This trick works well for most ill-fitting pants, but especially benefits light trousers where the pockets show through in a more obvious way. Most tailors will charge you $5 to $10 to cut them out and sew them shut to create a clean line. Alternately, if you prefer to keep your pockets, Browman says to replace the white fabric with one that matches your skin tone for $20, not including the cost of materials. As for the coat, the most important change would be to slim the sleeves for $25 to $45. It’s a subtle change that creates figure-flattering separation between your body and arms. As for length, here we shortened the sleeve ($35) to hit the wrist, but they can also be lengthened if you have long limbs. Most coats have two to three inches of extra fabric for that reason.

Photo: Eric T. White

Creating a Shrunken Schoolboy-Inspired Blazer

Shortening the sleeves is much more flattering on a petite frame and will cost between $15 and $30. You want it to hit about two inches above the wrist, to further lengthen the arm.

Photo: Eric T. White

Taking in a Pencil Skirt

If you’re curvier in the hip area, Browman suggests sizing up, then taking in the waist. On a narrower frame, Browman will take in the lower part of the skirt to create the illusion of an hourglass shape. Depending on fabric, this could range from $35 to $75 with leather styles falling on the high end.

Photo: Eric T. White

Hemming Skinny Jeans

Browman says to keep in mind two important details when you get jeans hemmed. The first is to ask your tailor to match the top stitch, which is a heavier weight of thread that’s usually a bright color. The second is that your tailor should not only trim the length but also taper the leg accordingly, to retain the proper shape. This will cost $15, max.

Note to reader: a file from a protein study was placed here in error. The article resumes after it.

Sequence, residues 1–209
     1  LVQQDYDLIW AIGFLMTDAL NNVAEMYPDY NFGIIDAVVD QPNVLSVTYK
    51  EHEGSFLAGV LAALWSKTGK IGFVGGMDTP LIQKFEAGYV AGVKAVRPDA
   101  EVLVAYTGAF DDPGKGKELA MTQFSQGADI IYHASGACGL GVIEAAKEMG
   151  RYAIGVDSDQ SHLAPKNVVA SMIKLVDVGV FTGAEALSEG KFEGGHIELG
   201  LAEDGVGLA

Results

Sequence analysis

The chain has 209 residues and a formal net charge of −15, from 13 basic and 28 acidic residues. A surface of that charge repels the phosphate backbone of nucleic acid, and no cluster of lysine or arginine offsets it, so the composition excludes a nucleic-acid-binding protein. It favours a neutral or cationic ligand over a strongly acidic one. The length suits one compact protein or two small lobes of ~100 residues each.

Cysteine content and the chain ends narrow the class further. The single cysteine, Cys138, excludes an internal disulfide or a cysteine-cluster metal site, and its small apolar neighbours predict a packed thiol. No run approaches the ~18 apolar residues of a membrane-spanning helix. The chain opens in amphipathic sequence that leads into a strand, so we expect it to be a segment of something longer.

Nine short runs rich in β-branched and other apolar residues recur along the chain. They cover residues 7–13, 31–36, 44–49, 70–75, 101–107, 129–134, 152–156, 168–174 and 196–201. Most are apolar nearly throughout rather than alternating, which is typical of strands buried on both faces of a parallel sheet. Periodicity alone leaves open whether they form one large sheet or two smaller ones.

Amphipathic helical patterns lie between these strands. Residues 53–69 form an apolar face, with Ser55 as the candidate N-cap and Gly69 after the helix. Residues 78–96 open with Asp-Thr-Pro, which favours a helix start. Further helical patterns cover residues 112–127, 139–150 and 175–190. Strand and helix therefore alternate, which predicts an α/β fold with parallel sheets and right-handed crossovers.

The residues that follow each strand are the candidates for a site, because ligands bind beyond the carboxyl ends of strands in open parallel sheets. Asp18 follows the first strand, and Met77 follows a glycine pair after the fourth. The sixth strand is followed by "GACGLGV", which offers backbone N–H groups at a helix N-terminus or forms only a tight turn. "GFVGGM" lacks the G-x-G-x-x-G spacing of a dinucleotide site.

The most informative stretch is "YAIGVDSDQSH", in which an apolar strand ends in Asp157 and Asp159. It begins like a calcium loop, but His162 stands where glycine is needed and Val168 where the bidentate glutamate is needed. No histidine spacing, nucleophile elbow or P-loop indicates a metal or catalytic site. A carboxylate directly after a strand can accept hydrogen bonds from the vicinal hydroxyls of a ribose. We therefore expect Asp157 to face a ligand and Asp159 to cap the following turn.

Photo: Eric T. White

Altering a Jumpsuit

The jumpsuit can be the perfect uniform if it fits correctly. For $15, have it hemmed it to hit the ankle. If you need to take it in at the waist or arms, that’s an extra $25 to $50, depending on how much work is needed. Browman also recommends checking the rise, which is the length between the waistline and the bottom of the crotch. For long torsos, be sure there’s adequate fabric (to avoid camel toe). Petite women, on the other hand, need to be wary of excess fabric that can look like a diaper. These are not cheap or easy changes for a tailor, so if you see either, pass on the jumpsuit.

Photo: Eric T. White

Nipping the Waist of a Dress

If a dress fits well at the shoulders and hits the knee in the right spot, but the waist is too big, consider having the waist altered. Browman says the tailor should take it in at the seams located in the back to retain the overall silhouette, while creating a slim, hourglass figure. This should cost between $15 and $35.

Photo: Eric T. White

Hemming a Midi Skirt

The most-flattering skirt lengths for petite girls fall into three categories, says Browman. Minis should hit four inches above the knee, knee-length should be mid-joint, and midis should fall where the calf starts. All hemming charges are around $15 to $25.

Tailoring: Secret Weapon of Perfect Wardrobes